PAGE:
Last week Twitter erupted in a heated debate about global poverty.  The question was whether it’s better to measure our progress against poverty (or lack thereof) by looking at the total number of people in poverty or by looking at poverty as a proportion of the world’s population.

Over the past few decades, the proportion of people living under $7.40/day, which is the minimum necessary to achieve basic nutrition and normal life expectancy, has fallen from 71.8% in 1990 to 58.1% in 2013.  Not a great improvement, but certainly some progress. But if we look at it in terms of absolute numbers, a very different story emerges.  The number of people living under $7.40/day has grown from 3.78 billion in 1990 to 4.16 billion in 2013.  With numbers like that on the table, it’s hard to escape the conclusion that there’s something wrong with the progress narrative.

As the debate continues, it’s clear that there is no single simple narrative we can tell about progress against global poverty.  I have argued that absolute numbers matter because that’s the metric that the world’s governments agreed to focus on when they first pledged to tackle poverty in the Rome Declaration.  But both measures are analytically important; they tell us different things about the world.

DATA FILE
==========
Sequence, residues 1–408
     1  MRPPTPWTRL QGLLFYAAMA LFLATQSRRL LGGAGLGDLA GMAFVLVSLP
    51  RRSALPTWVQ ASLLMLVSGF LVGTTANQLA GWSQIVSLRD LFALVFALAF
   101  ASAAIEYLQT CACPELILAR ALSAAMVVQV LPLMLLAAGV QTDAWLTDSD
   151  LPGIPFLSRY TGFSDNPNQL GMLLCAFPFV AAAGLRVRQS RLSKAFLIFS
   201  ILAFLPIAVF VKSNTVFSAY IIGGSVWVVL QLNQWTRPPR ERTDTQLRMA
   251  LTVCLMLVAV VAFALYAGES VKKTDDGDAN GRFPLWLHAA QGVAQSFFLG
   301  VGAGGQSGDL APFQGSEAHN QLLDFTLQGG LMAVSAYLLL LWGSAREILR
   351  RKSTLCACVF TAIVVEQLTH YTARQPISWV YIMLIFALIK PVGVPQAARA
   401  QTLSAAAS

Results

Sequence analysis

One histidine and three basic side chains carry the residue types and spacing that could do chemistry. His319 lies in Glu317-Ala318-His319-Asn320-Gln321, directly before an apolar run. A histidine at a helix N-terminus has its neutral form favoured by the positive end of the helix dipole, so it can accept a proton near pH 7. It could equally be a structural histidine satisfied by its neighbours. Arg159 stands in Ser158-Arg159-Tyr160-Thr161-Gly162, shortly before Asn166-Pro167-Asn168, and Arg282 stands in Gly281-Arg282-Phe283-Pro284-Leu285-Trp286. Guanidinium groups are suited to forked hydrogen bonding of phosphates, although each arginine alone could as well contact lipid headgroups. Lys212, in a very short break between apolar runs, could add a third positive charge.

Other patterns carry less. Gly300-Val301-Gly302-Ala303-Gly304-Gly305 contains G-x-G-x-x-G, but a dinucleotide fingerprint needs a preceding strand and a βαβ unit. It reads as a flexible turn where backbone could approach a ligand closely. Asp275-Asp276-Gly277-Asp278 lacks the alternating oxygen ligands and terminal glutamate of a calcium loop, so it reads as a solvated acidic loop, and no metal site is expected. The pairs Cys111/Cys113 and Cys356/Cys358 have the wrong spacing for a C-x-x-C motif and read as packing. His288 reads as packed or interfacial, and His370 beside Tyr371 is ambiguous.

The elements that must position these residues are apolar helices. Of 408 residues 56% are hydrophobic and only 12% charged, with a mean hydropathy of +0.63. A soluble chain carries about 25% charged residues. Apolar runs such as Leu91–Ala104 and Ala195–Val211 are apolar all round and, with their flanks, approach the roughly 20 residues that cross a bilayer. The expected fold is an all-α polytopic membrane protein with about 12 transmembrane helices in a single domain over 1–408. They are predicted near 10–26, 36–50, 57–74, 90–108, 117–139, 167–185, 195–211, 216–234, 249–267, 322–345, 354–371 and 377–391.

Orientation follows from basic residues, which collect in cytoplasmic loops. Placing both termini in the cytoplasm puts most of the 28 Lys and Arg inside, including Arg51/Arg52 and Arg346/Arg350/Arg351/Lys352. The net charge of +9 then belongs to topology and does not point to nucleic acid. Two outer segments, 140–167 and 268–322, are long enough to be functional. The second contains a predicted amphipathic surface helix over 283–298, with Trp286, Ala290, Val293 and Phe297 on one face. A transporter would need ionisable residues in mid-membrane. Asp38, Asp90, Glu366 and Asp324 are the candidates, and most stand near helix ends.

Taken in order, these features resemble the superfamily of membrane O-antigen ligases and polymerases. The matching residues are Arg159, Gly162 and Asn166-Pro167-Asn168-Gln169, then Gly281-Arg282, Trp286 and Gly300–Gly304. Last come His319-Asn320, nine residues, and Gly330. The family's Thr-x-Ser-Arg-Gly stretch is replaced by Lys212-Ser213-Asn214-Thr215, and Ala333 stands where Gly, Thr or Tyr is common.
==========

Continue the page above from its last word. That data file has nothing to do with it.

There is a third approach, however, proposed by Yale philosopher Thomas Pogge.  Pogge argues that the morally relevant metric of progress against poverty is neither absolute numbers nor proportions, but rather the extent of global poverty compared to our capacity to end it.  By that metric, he says, we are doing worse than at any time in history.

Is he right?  And, if so, is there some way to demonstrate this with hard data?

The first step is to measure our relative capacity to end poverty.   One conceptually easy way is to determine the cost of lifting everyone above the poverty line as a percentage of total global GDP (in constant 2011$ PPP).  Then we can compare that metric against the actual extent of global poverty (using proportions, to be generous to my critics), and chart the change in this relationship over time.

So if the poverty rate stays the same while our capacity to end it doubles, then the moral egregiousness of poverty is twice as bad as it used to be.  And if the poverty rate improves by a factor of two while our capacity to end it stays the same, then the moral egregiousness of poverty is half as bad.

Let’s flesh this out with some real-world figures.  In 1990, it would have cost 10.5% of world GDP to lift everyone above the poverty line.  In 2013, it would have cost only 3.3%.  Our capacity to end poverty has improved by a factor of 3.18.  Meanwhile, the poverty rate has improved only by a factor of 1.23.  This means that the moral egregiousness of poverty is 2.58 times worse than it was in 1990.

Pogge is right: by this metric, poverty is worse now than ever before.  Our world is replete with unprecedented riches, and yet we cannot ensure that everyone has a decent basic share of it.  Morally, we have regressed as a civilization.